## How do I make Argmin in LaTeX?

This can be achieved using the following code:

- % Argmax in LaTeX. \begin{document} \begin{equation} \arg \max_{x}
- % Argmin in LaTeX. \begin{document} \begin{equation} \arg \min_{x}
- % Center content. % Required package. sepackage{amsmath} \begin{document}
- % Center content. % Required package. sepackage{amsmath}

**How do you write Argmin?**

argmin(f(x)) simply returns the value of x which minimizes f(x) over the set of candidates for x as opposed to the minimum value itself. This arises, of course, in all kinds of statistical estimates of parameters when building models (like the LS situation alluded to in your example).

**How do you write argmax?**

Typically, “argmax” is written as two separate words, e.g. “arg max“. For example: result = arg max(g(x))

### How do you write derivatives in LaTeX?

Let’s write the order of derivatives using the Latex code….The code is given below:

- \documentclass[12pt]{article}
- sepackage{mathtools}
- sepackage{xfrac}
- \begin{document}
- \[
- First \; order \; derivative = f'(x) % the \; command is used for spacing.
- \]
- \[

**How do you put a space in an equation in LaTeX?**

If you want different spacing, LaTeX provides the following four commands for use in math mode:

- \; – a thick space.
- \: – a medium space.
- \, – a thin space.
- \! – a negative thin space.

**What is argmin equation?**

The input to a function that yields the min- imum is called the argmin, since it is the argument to the function that gives the minimum. Similarly, the argmax of a function is the input that gives the function’s maximum. Consider the function f(x) = 3+(x 2)2. This function has a single minimum, f(2) = 3.

#### How do you solve argmin?

To find the these argmax and argmin we can put the derivative of the function to zero and find the value of variable. value of the variable will come in multiple. Value of the variable might come in multiple. Put the value/s of the variable to the function and find the value, it shall be either maximum of minimum.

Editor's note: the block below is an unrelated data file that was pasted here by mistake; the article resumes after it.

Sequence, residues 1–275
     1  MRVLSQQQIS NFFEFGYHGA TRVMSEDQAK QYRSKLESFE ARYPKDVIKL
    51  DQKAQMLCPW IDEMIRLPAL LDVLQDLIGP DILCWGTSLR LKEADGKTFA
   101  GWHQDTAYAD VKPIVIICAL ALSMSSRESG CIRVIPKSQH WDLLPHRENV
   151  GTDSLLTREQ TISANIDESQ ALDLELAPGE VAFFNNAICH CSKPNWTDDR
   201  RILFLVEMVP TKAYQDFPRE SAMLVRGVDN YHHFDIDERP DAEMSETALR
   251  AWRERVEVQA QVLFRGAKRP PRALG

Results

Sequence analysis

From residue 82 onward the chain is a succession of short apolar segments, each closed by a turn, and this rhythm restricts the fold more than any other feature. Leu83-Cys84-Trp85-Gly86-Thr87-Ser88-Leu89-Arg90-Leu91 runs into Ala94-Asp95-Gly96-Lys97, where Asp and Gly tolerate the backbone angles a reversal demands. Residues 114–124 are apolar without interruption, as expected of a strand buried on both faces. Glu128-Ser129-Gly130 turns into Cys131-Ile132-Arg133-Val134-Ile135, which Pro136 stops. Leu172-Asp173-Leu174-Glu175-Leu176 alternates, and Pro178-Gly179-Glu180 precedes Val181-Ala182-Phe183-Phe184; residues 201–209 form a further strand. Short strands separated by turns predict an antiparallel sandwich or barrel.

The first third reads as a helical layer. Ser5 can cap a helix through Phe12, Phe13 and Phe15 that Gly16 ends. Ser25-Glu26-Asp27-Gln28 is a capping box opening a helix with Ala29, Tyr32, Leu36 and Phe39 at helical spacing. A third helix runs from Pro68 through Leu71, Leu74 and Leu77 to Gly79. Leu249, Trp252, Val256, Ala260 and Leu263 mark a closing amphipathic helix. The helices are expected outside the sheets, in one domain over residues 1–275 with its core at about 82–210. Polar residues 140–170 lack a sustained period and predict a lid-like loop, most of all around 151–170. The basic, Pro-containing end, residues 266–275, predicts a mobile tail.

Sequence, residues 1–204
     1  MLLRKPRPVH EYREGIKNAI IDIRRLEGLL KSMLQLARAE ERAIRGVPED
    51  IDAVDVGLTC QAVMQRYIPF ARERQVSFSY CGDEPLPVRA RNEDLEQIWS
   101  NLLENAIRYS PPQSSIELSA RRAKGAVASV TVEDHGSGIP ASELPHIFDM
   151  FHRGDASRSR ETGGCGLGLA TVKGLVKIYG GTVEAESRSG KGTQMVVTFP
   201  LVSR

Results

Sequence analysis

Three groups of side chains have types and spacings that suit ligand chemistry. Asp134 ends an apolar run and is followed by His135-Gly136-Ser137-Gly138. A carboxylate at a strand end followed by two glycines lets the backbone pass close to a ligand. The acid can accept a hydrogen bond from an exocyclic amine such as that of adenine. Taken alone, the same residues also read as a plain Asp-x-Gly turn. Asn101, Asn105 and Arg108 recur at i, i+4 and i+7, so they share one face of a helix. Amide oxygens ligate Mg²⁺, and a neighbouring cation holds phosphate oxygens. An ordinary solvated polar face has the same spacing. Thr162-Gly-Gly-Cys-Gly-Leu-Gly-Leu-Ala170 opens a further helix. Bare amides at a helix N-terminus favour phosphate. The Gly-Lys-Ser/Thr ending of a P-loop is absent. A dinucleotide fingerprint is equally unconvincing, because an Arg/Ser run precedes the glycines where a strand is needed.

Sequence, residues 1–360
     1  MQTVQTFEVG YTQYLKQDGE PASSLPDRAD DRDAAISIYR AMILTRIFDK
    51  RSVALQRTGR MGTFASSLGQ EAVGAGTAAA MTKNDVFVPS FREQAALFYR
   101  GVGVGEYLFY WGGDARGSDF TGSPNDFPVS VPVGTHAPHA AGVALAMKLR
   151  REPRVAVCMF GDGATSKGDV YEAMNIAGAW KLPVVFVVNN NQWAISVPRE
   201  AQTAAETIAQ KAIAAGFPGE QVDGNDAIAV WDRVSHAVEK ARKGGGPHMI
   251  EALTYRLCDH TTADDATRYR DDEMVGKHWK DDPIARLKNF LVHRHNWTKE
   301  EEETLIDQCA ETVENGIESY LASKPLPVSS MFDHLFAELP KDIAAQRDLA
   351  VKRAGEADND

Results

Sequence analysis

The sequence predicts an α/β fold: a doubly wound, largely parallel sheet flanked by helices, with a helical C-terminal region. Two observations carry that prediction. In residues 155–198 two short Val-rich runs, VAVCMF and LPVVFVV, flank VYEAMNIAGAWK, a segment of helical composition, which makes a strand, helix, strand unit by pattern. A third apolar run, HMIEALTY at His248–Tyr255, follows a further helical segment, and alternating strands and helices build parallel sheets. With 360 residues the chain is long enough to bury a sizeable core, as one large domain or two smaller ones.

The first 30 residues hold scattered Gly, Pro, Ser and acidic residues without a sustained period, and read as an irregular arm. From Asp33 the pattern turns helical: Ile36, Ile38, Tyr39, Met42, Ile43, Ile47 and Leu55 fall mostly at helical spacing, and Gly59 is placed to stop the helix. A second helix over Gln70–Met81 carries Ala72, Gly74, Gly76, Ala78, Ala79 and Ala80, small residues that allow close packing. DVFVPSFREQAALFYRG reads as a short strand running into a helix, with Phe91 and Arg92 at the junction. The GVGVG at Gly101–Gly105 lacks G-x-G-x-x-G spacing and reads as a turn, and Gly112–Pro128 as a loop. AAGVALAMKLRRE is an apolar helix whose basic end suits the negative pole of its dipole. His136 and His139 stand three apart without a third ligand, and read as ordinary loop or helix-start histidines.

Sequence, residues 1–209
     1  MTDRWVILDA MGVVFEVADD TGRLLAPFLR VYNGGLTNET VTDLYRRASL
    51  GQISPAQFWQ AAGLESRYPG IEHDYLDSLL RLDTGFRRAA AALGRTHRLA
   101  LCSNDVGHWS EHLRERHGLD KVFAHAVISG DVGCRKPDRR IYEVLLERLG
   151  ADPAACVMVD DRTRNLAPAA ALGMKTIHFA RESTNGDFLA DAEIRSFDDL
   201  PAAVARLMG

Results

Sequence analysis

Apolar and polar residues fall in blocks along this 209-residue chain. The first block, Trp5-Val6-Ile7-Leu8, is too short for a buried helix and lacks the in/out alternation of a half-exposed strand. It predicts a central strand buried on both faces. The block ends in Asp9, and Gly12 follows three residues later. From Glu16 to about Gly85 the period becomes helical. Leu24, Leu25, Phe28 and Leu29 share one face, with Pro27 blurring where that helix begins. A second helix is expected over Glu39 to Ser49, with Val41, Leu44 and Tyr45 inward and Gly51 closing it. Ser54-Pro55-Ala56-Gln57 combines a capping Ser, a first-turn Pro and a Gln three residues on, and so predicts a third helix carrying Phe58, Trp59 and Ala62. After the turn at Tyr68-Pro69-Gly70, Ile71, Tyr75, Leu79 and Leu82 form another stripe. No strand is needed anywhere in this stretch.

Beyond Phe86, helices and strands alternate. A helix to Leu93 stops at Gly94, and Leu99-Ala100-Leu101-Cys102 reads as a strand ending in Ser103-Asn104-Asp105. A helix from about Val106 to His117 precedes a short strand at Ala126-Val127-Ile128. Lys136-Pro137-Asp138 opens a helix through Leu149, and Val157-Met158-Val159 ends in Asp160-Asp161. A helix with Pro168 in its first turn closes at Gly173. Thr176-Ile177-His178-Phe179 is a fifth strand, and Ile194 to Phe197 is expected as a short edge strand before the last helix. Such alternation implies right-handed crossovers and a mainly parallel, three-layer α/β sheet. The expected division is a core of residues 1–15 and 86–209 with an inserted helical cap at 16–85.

**How do you make a dot derivative in LaTeX?**

Dot notation for derivative of a vector [closed]

- \dot{\vec{v}}
- \vec{\dot{v}}

**How do you put a horizontal space in an equation in LaTeX?**

There are a number of horizontal spacing macros for LaTeX:

- \, inserts a .
- \! is the negative equivalent to \, ; there’s an equivalent \negthinspace macro;
- \> (or \: ) inserts a .
- \negmedspace is the negative equivalent to \medspace ;
- \; inserts a .
- \negthickspace is the negative equivalent to \thickspace ;

## How to define argmin and argmax operators in latex?

As Pieter pointed out, the correct way to define argmin and argmax operators in LaTeX is: usepackage {amsmath} DeclareMathOperator* {argmax} {arg,max} DeclareMathOperator* {argmin} {arg,min} Actually, using the amsopn package would be sufficient but it’s loaded by amsmath internally, which is recommended for math typesetting anyway.

**Where does the * in \\declaremathoperator* go in latex?**

The * in \\DeclareMathOperator* places the underscored argument underneath the word rather than to the bottom right of it. In the sequel, LaTeX is assumed. 1. Should a thin space separate “arg” from “min”? This is a matter of personal preference.

**What does the command [&declaremathoperator&] do?**

[&DeclareMathOperator&] is designed to create commands that should typeset operator names such as sin and lim. Some of these are already defined in base TeX or LaTeX so one writes 2sintheta instead of 2sintheta giving correct spacing and font.

### How to fix argmax and f(x) is wrong?

If the only thing “wrong” is that there is no space between the argmax and the f (x), then just add \\, (thin space) to fix the problem: This works without any additional package. However it will create a new line. Thanks for contributing an answer to TeX – LaTeX Stack Exchange!